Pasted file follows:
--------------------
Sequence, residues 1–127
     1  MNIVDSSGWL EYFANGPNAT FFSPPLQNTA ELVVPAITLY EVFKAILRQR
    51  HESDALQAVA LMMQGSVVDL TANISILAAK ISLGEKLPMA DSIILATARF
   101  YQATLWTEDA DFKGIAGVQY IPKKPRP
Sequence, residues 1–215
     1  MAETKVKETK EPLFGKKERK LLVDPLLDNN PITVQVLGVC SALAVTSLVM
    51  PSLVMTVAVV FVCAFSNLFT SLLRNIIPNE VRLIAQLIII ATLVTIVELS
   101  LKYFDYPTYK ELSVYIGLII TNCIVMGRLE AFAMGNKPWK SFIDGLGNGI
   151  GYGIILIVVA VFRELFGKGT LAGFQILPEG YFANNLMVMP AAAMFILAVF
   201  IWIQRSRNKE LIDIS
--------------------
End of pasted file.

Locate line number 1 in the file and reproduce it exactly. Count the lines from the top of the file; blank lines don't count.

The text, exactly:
Sequence, residues 1–127